“Yeah, maybe.” He mumbled absentmindedly. He took a moment to collect his thoughts, “I really couldn’t tell you. The last thing I can remember is my parents being killed by those monsters. Everything else is a blur.” He stopped again and thought, then looked at Po, “Anyway, here I am.”

“Well, Wax’ll get you situated. He’s a good judge of character.” Po said comfortingly, “Get some rest Jayk, we’ve still got a ways to go.” He patted Jayk on the back and got up to go check on the others.

Sarah awoke from a puzzle box of pain to the sound of dripping, a constant flow of liquid that seemed to sit in puddles all around them. The walls appeared to sweat and the structure of the prison was moist, almost as if it was leaking from all sides. She felt a hunger in her body unlike anything she had experienced. She realized immediately that she had never before eaten solid food. Suddenly, lights filled the cell and everyone moved toward the door. Huge pails of thick yellow mush were slopped into metal bowls and the people began devouring it hungrily. They would  scoop up generous portions into their hands and slurp it up into their mouths, spilling some of it onto themselves carelessly. The glop trickled down the sides of their faces staining their hands and the rags they wore. She was horrified and saddened, then lost control and vomited openly.

She sat alone for many moments staring at her own hands and wondering how long this horrific nightmare would last.

After some time she dragged herself over to one of the pails and placed her hand deep into it. The sludge she pulled up was vile and grotesque, but the alternative was unconscionable. Either she consumes the hideous substance and satiates her deepening hunger or starves. So she ate.

It was morning.

The creatures who held them prisoner came for them one by one and linked the chains that bound them together. They were taken outside and led to a field where the sun baked their skin and the soil blackened their hands. They worked throughout the day plowing and tilling and ripping the ground. Miles of farm stood before them and they planted the seeds as the creatures indicated.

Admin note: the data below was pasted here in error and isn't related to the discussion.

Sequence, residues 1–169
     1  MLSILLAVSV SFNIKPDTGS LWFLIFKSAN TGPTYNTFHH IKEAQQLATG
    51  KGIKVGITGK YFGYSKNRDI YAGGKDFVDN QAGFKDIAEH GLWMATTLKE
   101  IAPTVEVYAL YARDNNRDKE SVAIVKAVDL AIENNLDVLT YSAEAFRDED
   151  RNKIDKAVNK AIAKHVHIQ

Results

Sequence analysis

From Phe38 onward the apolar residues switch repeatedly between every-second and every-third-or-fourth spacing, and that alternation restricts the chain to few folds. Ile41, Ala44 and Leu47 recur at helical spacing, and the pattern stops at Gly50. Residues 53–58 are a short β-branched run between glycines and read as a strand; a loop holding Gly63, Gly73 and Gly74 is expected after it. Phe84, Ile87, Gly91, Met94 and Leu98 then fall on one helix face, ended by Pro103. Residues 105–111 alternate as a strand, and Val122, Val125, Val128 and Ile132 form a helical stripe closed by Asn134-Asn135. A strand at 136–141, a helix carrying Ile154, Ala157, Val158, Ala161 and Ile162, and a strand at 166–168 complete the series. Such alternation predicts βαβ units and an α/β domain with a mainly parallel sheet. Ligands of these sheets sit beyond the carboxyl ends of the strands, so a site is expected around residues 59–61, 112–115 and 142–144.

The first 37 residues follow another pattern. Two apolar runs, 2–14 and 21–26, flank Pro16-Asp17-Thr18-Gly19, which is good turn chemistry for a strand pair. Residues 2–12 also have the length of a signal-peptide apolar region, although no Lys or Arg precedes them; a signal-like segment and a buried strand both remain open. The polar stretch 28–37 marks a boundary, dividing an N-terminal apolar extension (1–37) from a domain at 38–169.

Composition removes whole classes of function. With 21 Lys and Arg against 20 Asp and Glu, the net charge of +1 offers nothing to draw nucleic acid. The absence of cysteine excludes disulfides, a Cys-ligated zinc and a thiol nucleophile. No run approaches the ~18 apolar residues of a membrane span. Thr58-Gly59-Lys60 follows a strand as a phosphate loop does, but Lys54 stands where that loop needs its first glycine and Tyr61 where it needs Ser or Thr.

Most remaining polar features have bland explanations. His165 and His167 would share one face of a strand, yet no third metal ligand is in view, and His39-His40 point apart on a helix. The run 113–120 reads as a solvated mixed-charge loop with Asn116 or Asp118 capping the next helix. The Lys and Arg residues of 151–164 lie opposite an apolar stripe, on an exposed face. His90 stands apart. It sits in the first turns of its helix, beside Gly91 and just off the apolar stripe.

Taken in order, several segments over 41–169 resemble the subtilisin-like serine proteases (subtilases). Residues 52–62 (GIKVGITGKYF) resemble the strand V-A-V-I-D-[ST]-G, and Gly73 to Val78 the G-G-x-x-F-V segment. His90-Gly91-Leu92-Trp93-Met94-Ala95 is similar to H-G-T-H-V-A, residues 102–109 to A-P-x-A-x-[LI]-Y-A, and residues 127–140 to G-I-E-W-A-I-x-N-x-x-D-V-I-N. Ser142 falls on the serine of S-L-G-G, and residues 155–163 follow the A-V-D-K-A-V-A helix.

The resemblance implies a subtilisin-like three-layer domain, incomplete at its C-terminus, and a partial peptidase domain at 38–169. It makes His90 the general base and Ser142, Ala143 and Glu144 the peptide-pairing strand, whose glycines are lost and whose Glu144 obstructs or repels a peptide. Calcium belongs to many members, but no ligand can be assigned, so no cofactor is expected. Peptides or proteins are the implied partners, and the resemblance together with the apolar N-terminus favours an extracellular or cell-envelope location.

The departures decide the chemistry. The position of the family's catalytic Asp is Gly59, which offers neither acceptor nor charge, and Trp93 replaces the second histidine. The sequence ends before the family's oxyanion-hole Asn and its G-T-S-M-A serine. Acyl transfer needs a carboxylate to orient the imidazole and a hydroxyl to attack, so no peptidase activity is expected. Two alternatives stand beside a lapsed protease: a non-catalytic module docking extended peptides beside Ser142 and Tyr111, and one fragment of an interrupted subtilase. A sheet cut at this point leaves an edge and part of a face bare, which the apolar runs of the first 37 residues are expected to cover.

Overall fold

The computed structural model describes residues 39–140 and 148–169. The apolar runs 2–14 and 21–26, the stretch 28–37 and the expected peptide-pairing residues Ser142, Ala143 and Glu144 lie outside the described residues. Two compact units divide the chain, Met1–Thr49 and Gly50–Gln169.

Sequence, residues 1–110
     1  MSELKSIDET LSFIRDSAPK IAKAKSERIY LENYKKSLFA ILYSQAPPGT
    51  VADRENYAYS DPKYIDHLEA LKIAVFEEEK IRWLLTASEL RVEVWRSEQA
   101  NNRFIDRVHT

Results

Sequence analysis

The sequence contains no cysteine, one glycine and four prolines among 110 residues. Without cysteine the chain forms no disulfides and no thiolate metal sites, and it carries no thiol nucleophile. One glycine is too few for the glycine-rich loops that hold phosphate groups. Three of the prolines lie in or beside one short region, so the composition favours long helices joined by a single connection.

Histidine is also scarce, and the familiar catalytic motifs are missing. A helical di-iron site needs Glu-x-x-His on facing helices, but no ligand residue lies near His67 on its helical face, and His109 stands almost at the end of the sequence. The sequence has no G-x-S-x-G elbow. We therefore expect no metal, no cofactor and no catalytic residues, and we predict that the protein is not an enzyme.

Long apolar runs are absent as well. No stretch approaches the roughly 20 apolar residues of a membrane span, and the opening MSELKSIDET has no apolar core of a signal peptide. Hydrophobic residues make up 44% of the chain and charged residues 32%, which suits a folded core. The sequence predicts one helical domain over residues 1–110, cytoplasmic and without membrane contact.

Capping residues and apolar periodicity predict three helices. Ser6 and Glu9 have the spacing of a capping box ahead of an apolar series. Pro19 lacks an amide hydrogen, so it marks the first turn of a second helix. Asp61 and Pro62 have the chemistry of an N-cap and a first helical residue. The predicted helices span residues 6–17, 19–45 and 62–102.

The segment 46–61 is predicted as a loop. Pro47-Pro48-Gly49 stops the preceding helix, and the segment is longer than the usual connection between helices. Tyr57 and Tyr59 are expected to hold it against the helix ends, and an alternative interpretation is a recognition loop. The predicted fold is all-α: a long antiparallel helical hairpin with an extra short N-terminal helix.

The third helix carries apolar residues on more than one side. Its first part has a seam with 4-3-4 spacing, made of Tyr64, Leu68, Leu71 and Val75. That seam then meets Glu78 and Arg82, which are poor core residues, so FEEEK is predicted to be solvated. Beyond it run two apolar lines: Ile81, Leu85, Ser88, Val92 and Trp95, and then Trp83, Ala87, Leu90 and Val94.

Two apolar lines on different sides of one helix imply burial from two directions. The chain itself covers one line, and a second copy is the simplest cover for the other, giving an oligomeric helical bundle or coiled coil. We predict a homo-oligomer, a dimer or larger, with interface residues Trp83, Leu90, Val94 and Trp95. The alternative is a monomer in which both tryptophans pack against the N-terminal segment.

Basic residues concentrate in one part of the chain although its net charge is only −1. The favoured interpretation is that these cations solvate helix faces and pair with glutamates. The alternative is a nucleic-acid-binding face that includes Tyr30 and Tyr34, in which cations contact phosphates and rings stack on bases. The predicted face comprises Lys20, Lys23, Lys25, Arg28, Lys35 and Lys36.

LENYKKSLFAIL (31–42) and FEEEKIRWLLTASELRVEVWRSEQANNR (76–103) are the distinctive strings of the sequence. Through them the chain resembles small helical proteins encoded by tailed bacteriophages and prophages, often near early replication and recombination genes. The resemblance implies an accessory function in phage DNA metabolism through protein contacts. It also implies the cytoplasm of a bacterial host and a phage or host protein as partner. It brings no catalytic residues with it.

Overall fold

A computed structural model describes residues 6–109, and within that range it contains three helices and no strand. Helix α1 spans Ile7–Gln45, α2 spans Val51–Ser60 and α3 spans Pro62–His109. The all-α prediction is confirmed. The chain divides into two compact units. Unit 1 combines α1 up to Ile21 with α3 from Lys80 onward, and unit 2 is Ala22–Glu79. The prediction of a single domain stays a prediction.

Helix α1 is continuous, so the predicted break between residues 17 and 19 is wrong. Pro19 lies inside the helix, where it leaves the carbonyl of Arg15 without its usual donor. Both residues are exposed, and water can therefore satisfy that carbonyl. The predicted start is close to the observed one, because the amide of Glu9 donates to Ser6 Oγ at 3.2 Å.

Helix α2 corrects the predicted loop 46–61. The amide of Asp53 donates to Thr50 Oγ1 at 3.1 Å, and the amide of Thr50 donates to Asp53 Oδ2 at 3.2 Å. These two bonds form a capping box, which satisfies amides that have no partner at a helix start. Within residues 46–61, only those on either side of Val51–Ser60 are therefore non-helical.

They were changing the Earth with their own hands. It was long, backbreaking work. The sun’s radiation bleached their hair and left penetrating wrinkles carved into their skin. Most of them wore rags or nothing at all. When the day was over they were brought back into the iron prison, a maze of interlocking passageways that led to large cells that held the survivors of the stolen Earth. They were worked until they had no use left.

Sarah couldn’t believe the wretched apathy that infected the lifeless souls who surrounded her. It was as if they had given up completely. They had become broken and ruined. She sat against the wall holding her knees tightly against her body and watched them. One of the men there stared far away with lifeless eyes and muttered to himself, “Every morning we get to leave this place, and every night they bring us back.” He sat in a murky liquid that seemed to stretch toward him from all directions. Fittingly, she thought of Sisyphus. The lights went out suddenly and all was pitch black save for a dim red glow. She still didn’t know where she was or when she would leave.

The day was coming to an end, and Po and the others had finally reached the bunker. They each entered individually, making their way through the hidden entranceway and down the steps into the bowels of the underground facility. They were walking the endless corridors filled with the ambient light of fluorescent tubes when Jayk saw rooms filled with boxes of discarded electrical wires and mechanical gizmos, the use of which completely evaded him. Slowly, they came to a shadowy passageway where the group split up and went their separate ways.

“We’ll leave you here. Make yourself at home. There’s a bathroom down that way, and Wax will come find you and explain everything.” Po said congenially.

Jayk continued moving down the hall, when he thought he could just make out the sounds of grinding; metal against metal. Perhaps an ungreased machine lurked in a darkened corner of the facility, he thought. He crept cautiously toward the lifeless din as the smell of burning oil filled his nostrils.